What can we learn from salary surveys? You can obtain state, regional, and national surveys conducted by either nonprofit associations or private firms. The data from such surveys typically offer overall averages as well as salaries reported according to budget size, staff size, and type or scope of organization. Although useful, salary surveys should not be the sole means of setting compensation because sample size and other variables can influence the results.
What is our goal? Some boards decide salaries are less than what they would like them to be. They set a goal say, to have salaries reflect approximately 80 percent of salaries in similar jobs in the local business market. It may take three years or more to reach this goal, but board members and staff could be motivated to find the financial means to meet it. In addition, a board should have this kind of framework within which to plan.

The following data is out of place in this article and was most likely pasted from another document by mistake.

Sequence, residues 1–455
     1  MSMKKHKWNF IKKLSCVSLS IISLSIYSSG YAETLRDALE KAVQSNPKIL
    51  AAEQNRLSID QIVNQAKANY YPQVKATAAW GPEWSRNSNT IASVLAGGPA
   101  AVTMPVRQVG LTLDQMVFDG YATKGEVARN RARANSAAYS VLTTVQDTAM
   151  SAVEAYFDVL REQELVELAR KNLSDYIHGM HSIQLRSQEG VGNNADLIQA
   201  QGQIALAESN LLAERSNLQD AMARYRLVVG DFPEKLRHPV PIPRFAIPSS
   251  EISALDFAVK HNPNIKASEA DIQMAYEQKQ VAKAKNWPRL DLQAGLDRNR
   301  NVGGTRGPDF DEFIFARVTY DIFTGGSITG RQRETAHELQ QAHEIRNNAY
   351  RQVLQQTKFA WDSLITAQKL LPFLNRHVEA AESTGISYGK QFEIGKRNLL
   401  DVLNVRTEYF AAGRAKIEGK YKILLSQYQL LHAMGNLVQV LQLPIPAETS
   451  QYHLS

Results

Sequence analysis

Who determines specific salaries? The board should set only the chief executive’s compensation but carefully review the senior staff members compensation. Then the chief executive, within budget guidelines, should determine the rest of the payroll. The chief executive is in the best position to know what it takes to recruit and keep good people. Staff members should feel that someone who knows their work is setting their compensation.